"I have a deep respect for the settlers, love their courage, and have written a lot about their pain and sense of injustice. I fully understand the incredible personal and political suffering of the Gush Katif, and I fear the extreme bet of giving something good to people that did them and all the Israeli people so wrong.
"But having spent so many years trying to tell the true story of Sharon and before him of Shamir, Rabin, Peres, Netanyahu, now I have to hear again about Sharon – the present prime minister of this country – the same silly (forgive me) accusations that I have heard about him from the left all over the world.
"No, for the settlers Sabra and Shatilla are not so important, but still he is a bulldozer, a hawk against his own people. I have seen graffiti and caricatures that are not less abominable than the monster one; whenever his name arises I feel cornered, the silence falls on the conversation, just as it happens in Europe whenever you raise the subject of the Palestinians.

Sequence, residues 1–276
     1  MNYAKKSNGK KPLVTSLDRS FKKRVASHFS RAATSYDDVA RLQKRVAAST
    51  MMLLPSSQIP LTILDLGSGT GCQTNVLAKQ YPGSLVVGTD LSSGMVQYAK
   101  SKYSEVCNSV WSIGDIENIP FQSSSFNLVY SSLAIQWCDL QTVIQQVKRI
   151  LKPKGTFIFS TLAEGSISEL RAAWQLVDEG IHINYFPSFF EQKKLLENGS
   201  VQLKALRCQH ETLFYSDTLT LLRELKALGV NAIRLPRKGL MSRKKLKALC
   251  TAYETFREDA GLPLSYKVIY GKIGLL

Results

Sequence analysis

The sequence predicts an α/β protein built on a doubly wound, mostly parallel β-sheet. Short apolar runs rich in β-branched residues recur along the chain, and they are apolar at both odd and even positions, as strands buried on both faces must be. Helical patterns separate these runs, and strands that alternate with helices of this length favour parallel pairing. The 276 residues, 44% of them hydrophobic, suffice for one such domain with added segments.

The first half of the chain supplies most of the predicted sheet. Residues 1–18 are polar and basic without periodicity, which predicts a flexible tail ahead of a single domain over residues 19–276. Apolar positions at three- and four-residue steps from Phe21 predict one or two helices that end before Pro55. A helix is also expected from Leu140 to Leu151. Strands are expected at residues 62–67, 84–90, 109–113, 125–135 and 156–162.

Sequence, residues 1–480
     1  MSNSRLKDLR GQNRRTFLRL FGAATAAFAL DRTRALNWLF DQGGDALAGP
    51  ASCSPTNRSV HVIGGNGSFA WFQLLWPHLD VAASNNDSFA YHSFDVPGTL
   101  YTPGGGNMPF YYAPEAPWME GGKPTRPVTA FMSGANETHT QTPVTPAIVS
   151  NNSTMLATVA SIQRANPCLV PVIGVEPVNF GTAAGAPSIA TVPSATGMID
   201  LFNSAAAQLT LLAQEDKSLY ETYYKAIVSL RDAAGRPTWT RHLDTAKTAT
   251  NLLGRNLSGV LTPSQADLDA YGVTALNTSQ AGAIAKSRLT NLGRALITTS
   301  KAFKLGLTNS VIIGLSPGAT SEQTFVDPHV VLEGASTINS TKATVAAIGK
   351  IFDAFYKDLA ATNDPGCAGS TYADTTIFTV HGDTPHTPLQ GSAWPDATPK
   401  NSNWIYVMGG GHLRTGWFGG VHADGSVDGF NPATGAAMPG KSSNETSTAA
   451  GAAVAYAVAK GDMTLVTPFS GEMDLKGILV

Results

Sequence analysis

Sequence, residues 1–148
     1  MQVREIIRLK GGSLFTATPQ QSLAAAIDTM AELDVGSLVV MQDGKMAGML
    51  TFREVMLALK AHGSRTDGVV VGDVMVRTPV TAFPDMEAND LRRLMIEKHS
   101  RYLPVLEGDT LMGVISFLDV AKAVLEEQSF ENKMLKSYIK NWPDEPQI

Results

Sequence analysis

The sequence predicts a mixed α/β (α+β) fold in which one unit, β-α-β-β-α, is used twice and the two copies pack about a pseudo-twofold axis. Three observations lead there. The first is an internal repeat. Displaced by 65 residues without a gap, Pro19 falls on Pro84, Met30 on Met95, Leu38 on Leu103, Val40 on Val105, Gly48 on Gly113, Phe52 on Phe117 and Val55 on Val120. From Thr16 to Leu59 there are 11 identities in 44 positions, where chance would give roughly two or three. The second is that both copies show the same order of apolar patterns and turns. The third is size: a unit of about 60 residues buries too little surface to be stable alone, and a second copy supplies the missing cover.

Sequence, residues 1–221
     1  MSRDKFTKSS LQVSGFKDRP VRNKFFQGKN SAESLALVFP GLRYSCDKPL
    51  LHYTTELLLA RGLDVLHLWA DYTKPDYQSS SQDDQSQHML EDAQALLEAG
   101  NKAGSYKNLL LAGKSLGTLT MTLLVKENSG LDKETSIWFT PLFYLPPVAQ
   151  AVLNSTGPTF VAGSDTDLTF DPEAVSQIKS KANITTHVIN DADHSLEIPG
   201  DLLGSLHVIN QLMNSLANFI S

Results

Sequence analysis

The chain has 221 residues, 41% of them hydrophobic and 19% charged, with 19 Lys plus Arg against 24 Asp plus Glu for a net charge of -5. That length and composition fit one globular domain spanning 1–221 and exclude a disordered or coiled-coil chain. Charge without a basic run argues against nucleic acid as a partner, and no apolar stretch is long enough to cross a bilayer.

"Among the Israeli prime ministers, Sharon is certainly the one that has fought terror with the most enduring and tough determination. He has been hated, blamed, cursed by all the international and Israeli leftist community.
"And if I can try to foresee the future, Sharon will be very tough again. And then, again we will be together, I hope, to try to convince the world that terrorism has to be faced and fought with strength and determination, and that Israel is doing its duty also for the sake of the general fight against the awful enemy that the world faces today."
Palestinians Don't Need Enemies; They Have Themselves
Columnist Richard Cohen writes in The Washington Post (washingtonpost.com) on Sept. 13 about the state of Palestinian politics:
"Arafat was murdered. No, not that Arafat (Yasser) but the other Arafat (Moussa). The latter was the cousin of the former, and at one time his head of military intelligence. When Yasser Arafat died, Moussa was demoted by the new Palestinian president, Mahmoud Abbas, and named an adviser. Several weeks ago in Gaza, he was dragged out into the street and shot.